Optimizing Hardware Platform Performance: A Case Study

3 min read

Before rolling out a new hardware platform to the IBM Cloud, we thoroughly evaluate its performance.

As you can see below, we stress systems to their limits, uncovering performance bottlenecks and addressing them before they impact your business.

We describe an issue that was discovered and resolved with certain multi-socket systems using 2nd-Gen Intel® Xeon® Scalable Processors (formerly code-named “Cascade Lake”).

System topology

In multi-socket systems, contemporary Intel processors use Ultra Path Interconnect (UPI) links to logically tie sockets together. The system in this study has four sockets, using processors with three UPI links each, allowing a fully connected topology:

The system in this study has four sockets, using processors with three UPI links each, allowing a fully connected topology:

Each processor (P0 - P3) has locally attached memory (M) and a direct UPI link to every other processor. Processors use UPI links to remotely access the memory attached to other processors.

Memory throughput collapse

We use a variety of workloads to characterize platform performance. This study focuses on the STREAM Triad benchmark used to measure memory throughput in a variety of configurations that assess both local and remote memory performance. The following configuration places maximum stress on remote memory serving:

The following configuration places maximum stress on remote memory serving:

Memory attached to P3 is remotely accessed by three other processors simultaneously. In its memory serving role, P3 has no active cores. We vary the number of active cores on the other processors, starting with one on each, then two, and so on.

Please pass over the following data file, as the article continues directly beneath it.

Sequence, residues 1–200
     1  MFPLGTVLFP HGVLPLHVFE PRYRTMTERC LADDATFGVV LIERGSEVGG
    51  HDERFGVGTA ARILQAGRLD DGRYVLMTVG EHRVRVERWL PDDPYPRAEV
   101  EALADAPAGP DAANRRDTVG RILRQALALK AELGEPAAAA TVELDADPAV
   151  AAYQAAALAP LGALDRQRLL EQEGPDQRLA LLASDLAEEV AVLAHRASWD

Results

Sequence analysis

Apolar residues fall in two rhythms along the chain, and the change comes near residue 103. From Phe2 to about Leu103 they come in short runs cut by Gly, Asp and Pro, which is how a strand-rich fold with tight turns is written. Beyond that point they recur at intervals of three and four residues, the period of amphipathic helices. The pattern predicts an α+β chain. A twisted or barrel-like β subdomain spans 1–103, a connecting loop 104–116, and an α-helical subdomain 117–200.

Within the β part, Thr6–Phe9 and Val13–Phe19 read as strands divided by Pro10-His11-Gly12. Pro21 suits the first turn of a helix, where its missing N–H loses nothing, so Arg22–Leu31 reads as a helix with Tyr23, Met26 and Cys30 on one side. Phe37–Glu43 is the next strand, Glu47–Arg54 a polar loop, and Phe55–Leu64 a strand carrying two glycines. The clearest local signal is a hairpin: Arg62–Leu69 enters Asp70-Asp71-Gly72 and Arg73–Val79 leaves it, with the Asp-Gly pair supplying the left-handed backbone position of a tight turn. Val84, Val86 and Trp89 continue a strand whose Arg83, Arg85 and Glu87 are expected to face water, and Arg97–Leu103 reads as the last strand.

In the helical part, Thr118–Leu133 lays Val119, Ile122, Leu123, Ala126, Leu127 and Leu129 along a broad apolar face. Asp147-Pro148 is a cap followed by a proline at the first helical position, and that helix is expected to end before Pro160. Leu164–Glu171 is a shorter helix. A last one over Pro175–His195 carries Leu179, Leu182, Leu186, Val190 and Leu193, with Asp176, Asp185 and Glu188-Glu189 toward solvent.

This is a plot of measured throughput versus increasing load:

This is a plot of measured throughput versus increasing load:

Things look normal on the left, where throughput rises with more active cores, reaching an expected peak consistent with the limits of the system. However, as the load continues to increase, throughput collapses, falling to around 6% of the peak.

Potential impacts

Intense remote memory traffic like this is typically avoided by NUMA (Non-Uniform Memory Access) aware applications, but some applications are not suited to such tuning and others may not be configured properly. Further, while we studied this throughput collapse in steady state, we recognize that transient conditions can trigger this collapse temporarily.

A dramatic drop in memory throughput can obviously affect application performance, but even temporary occurrences of this issue can easily produce spikes in application response latency.

Identifying the root cause

In our first conversation with Intel about this issue, they suggested that we vary a BIOS parameter called Local/Remote Threshold (part of UPI Configuration under North Bridge) to see if that might help. The parameter has various settings including High, Medium, and Low. In this case, changing it made no difference.